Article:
There are several villages strung along the lake. There are the usual markets where folks gather for produce or the big “5 day” market of Indein which has a dentist, a barber, and all kinds of goods and food and rotates one day in each of 5 villages. The parking area is huge though as the waters recede in dry season the boats must park further away to avoid running aground. There are many Pa-O and Intha people at the big market including a friend of Soe’s. The Pa-O women wrap their hair in scarfs or towels and when in Temple adorn the hair cloths with a pointy ornament to represent a dragon horn. They believe they are descendants from a female dragon centuries ago. As our guide is Pa-O she has a set of horns too. She leaves them at home when she is working.

The 5 day market has the biggest draw

Soe’s friend

One side of the lake has extensive floating gardens tended by Intha families. From a distance it looks like tall pikes but these poles stake the “ground” and hold the composted seaweed and other fertile matter in place. The men dredge up the milfoil growing near the shoreline, load their boats and bring it back to their garden for tomatoes, peppers, beans and flowers. We watch them strain and struggle hauling this seaweed onto their boats. Shocking to see a much abhorred invasive at home being a necessity in another’s food chain.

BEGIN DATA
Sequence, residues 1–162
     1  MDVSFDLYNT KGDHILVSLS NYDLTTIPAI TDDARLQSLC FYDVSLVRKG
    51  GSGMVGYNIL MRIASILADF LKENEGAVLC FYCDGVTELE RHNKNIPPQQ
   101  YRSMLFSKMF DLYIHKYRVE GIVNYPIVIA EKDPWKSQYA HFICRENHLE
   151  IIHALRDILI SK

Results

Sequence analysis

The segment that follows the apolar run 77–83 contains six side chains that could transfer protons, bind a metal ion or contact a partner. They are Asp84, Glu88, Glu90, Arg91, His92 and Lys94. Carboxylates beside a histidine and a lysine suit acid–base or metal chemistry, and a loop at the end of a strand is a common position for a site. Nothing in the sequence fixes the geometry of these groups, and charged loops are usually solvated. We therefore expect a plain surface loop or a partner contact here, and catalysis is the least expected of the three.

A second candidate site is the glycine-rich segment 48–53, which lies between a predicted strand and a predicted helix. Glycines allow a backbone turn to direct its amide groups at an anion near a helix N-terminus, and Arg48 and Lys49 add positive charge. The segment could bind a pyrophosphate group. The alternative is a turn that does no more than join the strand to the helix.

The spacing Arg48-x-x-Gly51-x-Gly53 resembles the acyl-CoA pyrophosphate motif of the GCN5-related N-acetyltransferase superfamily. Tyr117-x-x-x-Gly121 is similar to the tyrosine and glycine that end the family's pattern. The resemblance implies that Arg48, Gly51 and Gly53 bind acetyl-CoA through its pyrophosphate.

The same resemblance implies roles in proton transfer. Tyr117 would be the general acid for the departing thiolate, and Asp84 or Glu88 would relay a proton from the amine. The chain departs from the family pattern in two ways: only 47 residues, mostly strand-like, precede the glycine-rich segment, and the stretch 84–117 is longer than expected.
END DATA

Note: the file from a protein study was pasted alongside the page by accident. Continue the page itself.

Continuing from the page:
The bounty

We travel through a Venetian network of canals. Everything moves by boat. We go from a silversmithing village to a lotus and silk weaving village to the huge Phaung Daw Oo Pagoda via these waterways. From laundry, bathing, shopping and playing, to working, praying and socializing; it all happens on the water. No cars, no motorbikes, just boats.

In wet season the water rises to the landing
Sending mail

We motor to the other side of the lake along the numerous waterways and slice through openings in the earth and timber dykes that control the flow of water in dry season. For us, it is an exciting ride with great views of daily life.

We have visited a lot of temples and pagodas which surprisingly remain fascinating. In Indein, there is a small temple at the end of a very long covered walkway that hosts a long line of stalls and tables filled with must have souvenirs: daggers, tooth headdresses, clothing, baskets and more friends of Soe’s. The walkway also divides the enormous amount of stupas built around the Temple; tourists generally exit left and view the new ones. We go right and into the ruins. The worship of Buddha is everywhere.

Land of a thousand stupas
Buddha blessing the lake